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The SEC just issued a warning to ‘Bitcoin’ investors

NEW YORK: America’s chief financial regulator is warning investors against cryptocurrency scams, saying trading and public offerings in the emerging asset class may also be in violation of federal securities law.

The statement by the chairman of the U.S. Securities and Exchange Commission (SEC) Jay Clayton came just hours after the U.S. securities watchdog stepped in to stop an “initial coin offering” (ICO) from a restaurant review app, after the company failed to register it as a security.

Clayton’s comments come as bitcoin is rapidly gaining value, attracting attention from more traders hoping to cash in. On November 29th, bitcoin passed $10,000 in value, a more than 933 percent surge from the beginning of the year. By December, bitcoin had soared past $15,000 and is worth around $17,000 as of press time.

“I encourage Main Street investors to be open to these opportunities, but to ask good questions, demand clear answers, and apply good common sense when doing so,” Clayton said in the statement. The statement comes attached with a list of recommended questions the SEC encourages traders to ask before investing, including, “Where is my money going?” and “Is the blockchain open and public?”

Six reasons why you should not invest in Bitcoin, according to experts 

ICOs allow startups founded on cryptocurrency technologies such as blockchain to quickly raise capital by issuing virtual tokens to investors. Such offerings have become more common in the past year, but little data about them is available because the market has been largely unregulated.

Monday’s enforcement action was significant because it showed SEC would step in to address ICOs for registration violations even if there were no claims of fraud, according to SEC officials.

“A number of concerns have been raised regarding the cryptocurrency and ICO markets, including that … there is substantially less investor protection than in our traditional securities markets, with correspondingly greater opportunities for fraud and manipulation,” Clayton said.

“If an opportunity sounds too good to be true, or if you are pressured to act quickly, please exercise extreme caution and be aware of the risk that your investment may be lost,” he told investors in the statement.

Clayton also warned industry professionals that ICOs in many cases would need to comply with federal rules governing the issuance of securities, including registering with the SEC or qualifying for an exemption that allows issuers to sell shares privately to accredited investors.

He added that many platforms trading in cryptocurrencies may also be in violation of laws that require them to register as an exchange, or an alternative trading platform.

Things to know about ‘mysterious digital currency’ Bitcoin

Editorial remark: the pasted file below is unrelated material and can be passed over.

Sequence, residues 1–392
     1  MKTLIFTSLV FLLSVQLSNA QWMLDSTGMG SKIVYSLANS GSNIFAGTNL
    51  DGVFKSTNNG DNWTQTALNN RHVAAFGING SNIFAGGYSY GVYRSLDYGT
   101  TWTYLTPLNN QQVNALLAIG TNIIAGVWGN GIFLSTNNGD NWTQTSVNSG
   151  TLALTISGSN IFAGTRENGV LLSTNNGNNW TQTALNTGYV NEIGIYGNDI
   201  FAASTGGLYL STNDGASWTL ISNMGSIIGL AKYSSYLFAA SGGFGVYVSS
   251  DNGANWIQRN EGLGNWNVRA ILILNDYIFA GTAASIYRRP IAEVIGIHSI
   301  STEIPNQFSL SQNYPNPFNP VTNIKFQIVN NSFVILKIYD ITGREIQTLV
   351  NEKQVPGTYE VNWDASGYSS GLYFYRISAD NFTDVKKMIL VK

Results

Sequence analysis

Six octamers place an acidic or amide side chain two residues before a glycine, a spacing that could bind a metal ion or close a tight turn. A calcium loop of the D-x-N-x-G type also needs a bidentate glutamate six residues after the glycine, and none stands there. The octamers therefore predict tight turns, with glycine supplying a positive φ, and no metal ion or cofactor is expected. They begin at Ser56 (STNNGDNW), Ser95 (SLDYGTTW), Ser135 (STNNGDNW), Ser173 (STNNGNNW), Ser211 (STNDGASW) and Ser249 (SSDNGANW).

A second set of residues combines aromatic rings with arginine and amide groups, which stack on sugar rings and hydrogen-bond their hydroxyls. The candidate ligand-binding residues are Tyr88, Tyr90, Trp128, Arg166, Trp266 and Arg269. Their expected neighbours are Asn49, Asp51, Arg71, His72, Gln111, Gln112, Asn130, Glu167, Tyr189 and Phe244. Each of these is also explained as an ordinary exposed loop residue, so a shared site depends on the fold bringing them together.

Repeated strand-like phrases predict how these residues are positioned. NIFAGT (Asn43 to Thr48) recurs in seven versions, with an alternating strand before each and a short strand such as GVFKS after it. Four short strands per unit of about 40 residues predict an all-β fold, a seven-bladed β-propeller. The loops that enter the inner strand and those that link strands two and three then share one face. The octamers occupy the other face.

– ‘Digital gold’ arrives –

Bitcoin’s breakthrough is the latest in a spectacular run for the online money dubbed “digital gold” by its advocates, which began life in 2009 as a bit of encrypted software supposedly written by an unknown coder with a Japanese-sounding name.

What began as the preserve of computer nerds and financial experts has gained a broader following among those seeking alternatives to traditional investments, and now can be used to pay for a pint in a London pub or a manicure, as well as to invest in startup ventures, and its valued has soared in recent weeks.

Investor interest has also risen in other digital currencies, such as ethereum, ripple and litecoin, which employ the same “blockchain” software foundation as bitcoin.

“The level of interest is unbelievable,” said Timothy Enneking, founder and the primary Principal of Crypto Asset Management, an asset and fund management company that created a digital currency index.

“We get dozens of people contacting us each day to know how to invest in cryptocurrencies and we don’t even do any marketing.”

Fidelity Labs, part of the giant Fidelity Investments, has been active in bitcoin for four years, said managing director Hadley Stern.

“It really started with our executive team starting to see what was going on in bitcoin,” Stern said.

“And then we became very interested in the underlying blockchain technology. The root of it was this transformational ability to transfer value from software to software alone.”

But investors are also mindful pitfalls given the Wild West nature of the market. Regulators have increasing scrutiny of initial coin offerings (ICOs), a key fundraising tool for cryptocurrency fundraising.

The US Securities and Exchange Commission on Monday halted the ICO by blockchain-based food review service Munchee, that had been seeking $15 million, after concluding that the company was attempting to sell securities without the required registration.

The SEC last week shut down another ICO, charging fraud against Dominic Lacroix, a Canadian with a history of securities law violations, and his company PlexCorps, charging the company that took millions from investors, “falsely promising” a speedy, 13-fold profit.

“For the amount of bullishness surrounding cryptoassets, there appears to be an equal amount of doubt surrounding the vast majority of ICOs.”

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